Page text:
Baltimore officials to clear downtown homeless encampment, house people in dormitory-style facility

The city has decided to clear a homeless encampment on Guilford Avenue at the end of January. City officials plan to offer dormitory style housing to those living in tents. (Baltimore Sun video)

After weeks of frigid temperatures, city officials are planning to clear the sprawling homeless encampment that has spread under the Interstate 83 overpass downtown.

Officials say they have offered the people in the tent city beds in a new shelter program designed to cater to people who are resistant to help.


Terry Hickey, the director of the Mayor’s Office of Human Services, said the city will provide beds for up to 40 homeless men and women in a dormitory in East Baltimore where they can receive three meals a day, access to case managers and transportation to jobs and other services.

Like similar initiatives in other cities with large homeless populations, Hickey said, Baltimore’s new $1.5 million program is intended to eliminate barriers, such as mandatory drug screenings, that keep some people sleeping on the street.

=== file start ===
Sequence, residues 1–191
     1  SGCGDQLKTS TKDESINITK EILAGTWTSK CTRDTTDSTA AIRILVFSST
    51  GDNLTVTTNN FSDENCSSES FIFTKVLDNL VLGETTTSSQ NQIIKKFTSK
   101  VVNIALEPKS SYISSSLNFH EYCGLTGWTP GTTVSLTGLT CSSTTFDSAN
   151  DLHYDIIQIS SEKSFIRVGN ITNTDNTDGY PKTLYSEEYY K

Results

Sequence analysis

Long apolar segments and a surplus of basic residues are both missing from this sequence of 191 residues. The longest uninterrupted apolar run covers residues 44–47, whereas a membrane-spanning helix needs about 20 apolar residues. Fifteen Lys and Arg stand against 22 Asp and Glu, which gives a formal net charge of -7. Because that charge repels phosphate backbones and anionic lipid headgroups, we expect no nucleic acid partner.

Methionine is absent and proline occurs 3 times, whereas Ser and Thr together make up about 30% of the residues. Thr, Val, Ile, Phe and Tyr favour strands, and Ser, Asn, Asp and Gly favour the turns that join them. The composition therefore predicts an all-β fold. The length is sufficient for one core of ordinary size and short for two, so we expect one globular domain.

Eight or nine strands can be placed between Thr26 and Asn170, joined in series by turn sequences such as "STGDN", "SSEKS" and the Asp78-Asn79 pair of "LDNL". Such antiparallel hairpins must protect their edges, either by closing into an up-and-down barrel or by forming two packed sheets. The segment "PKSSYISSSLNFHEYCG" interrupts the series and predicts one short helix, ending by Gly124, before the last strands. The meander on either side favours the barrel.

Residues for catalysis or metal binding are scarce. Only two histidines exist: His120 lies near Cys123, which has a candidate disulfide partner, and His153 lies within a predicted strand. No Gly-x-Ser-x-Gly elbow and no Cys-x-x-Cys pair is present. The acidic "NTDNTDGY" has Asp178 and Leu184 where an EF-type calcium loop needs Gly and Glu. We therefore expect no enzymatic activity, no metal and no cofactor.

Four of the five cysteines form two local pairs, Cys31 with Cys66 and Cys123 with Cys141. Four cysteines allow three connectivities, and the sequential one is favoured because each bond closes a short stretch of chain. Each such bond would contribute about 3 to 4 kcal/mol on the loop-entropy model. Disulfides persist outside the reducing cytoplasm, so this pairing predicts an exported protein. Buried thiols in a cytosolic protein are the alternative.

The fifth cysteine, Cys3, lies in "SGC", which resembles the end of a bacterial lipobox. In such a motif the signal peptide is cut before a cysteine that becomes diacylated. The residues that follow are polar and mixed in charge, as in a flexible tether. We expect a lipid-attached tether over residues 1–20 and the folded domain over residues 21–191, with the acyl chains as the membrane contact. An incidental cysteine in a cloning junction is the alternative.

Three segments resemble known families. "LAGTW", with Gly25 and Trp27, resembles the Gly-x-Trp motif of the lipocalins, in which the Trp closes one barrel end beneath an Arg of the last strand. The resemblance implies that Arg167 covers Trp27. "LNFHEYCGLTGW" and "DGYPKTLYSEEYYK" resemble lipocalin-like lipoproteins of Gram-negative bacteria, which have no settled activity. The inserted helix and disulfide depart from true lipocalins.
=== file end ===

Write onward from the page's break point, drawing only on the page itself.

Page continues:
The facility opened Tuesday, allowing about a week and a half for the people at the encampment — which stretches from Guilford Avenue and Bath Street to the shuttered Hollywood Diner near City Hall — to accept the offer or make other arrangements.

Advocates for the homeless say forcing vulnerable people to leave the encampment will be traumatizing and drive them further away from the systems working to help them. They warn that destroying encampments and temporarily sheltering those who have been living there have done more harm than good.

No homeless men, women or children are turned away from Baltimore shelters when weather reaches such extreme low temperatures, city officials say.

Fallon Fisher says the prospect of moving into the new housing sounds as promising as it does worrying. She says she has been living at the encampment with her husband for two or three months.